Car of the Year Jury
Updated: Nov 12, 2021
Jack Nerad has spent decades in the automotive industry as a journalist, author, and communicator. His past positions include Editor of Motor Trend magazine, the Editor of Automotive Age, and the Director of Publications at J.D. Power and Associates. In addition to writing countless articles, features, and road tests, he has authored several books over the years, including his newly published book, The GR Factor. Jack also hosts his own podcast, America on the Road.
Matt DeLorenzo is an author specializing in writing car reviews, news, and car buying advice. With over 40 years of experience as an automotive journalist, he has worked as a Senior Editor at Automotive News, Autoweek, and Road & Track. A founding organizer and member of the North American Car of the Year Jury, DeLorenzo has also authorized seven books on models ranging from Corvette to Dodge, and an overview of legendary American automobiles.
Here’s a glimpse of what you’ll learn:
How and why NACTOY was founded and how its jury has evolved over the years
How Jack Nerad joined the NACTOY jury and his current line of work
Matt DeLorenzo talks about the secret ballot voting style at NACTOY and their collaboration with the North American International Auto Show
How the NACTOY award influences consumers, dealers, and sales volume and how the vehicles are judged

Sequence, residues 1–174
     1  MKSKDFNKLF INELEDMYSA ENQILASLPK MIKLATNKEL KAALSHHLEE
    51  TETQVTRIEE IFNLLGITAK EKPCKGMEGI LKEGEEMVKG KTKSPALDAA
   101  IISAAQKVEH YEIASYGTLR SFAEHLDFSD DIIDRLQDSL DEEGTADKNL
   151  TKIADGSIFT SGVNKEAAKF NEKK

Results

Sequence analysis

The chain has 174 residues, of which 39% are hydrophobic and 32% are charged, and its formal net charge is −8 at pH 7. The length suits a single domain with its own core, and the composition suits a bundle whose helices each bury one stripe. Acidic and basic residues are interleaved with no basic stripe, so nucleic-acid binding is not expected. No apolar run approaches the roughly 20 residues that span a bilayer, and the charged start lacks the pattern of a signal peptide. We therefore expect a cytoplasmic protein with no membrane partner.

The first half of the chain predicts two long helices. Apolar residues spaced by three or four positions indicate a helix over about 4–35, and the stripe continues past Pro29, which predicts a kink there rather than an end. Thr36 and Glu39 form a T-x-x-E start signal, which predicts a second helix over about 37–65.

Jack and Matt talk about the NACTOY 2021 winners and how the testing of vehicles has been impacted by COVID-19
Will the 2021 award have an impact on compact cars?
Do safety features influence a car’s success?
Ford Mustang Mach-E: the NACTOY utility vehicle winner of 2021
The future of the electric car market
In this episode…
Have you ever wondered how vehicles in an auto show are judged? Ever wondered how winning such an award impacts car dealers, manufacturers—and sales volume?
Jack Nerad and Matt DeLorenzo are jurors at the North American Car, Utility and Truck of the Year Awards (NACTOY) and know exactly what to look out for when judging vehicles. They test the vehicles, write articles and reviews about them, and know which features are important in cars.
In this week's episode of the Inside Auto Podcast, Ilana Shabtay sits down with automotive journalists Jack Nerad and Matt DeLorenzo to talk about working for the North American Car, Utility and Truck of the Year Awards (NACTOY) and serving in its jury. Jack and Matt talk about the history of the organization, how they judge vehicles, and what makes the 2021 award-winning vehicles great cars.
Resources Mentioned in this episode
Sponsor for this episode...
This episode is brought to you by AutoLeadStar, a company that helps car dealerships engage quality customers on the web and convert them into car buyers.
Co-founded by Aharon Horwitz, Yishai Goldstein, and Eliav Moshe, AutoLeadStar’s state-of-the-art software automates a dealership’s entire marketing funnel and provides around-the-clock service for dealers.
Visit their website at www.autoleadstar.com to learn more about their around-the-clock marketing service.
Welcome to Inside Auto Podcast where we feature everyone and anyone you'd want to talk to in and out of the automotive industry.
Ilana Shabtay 0:14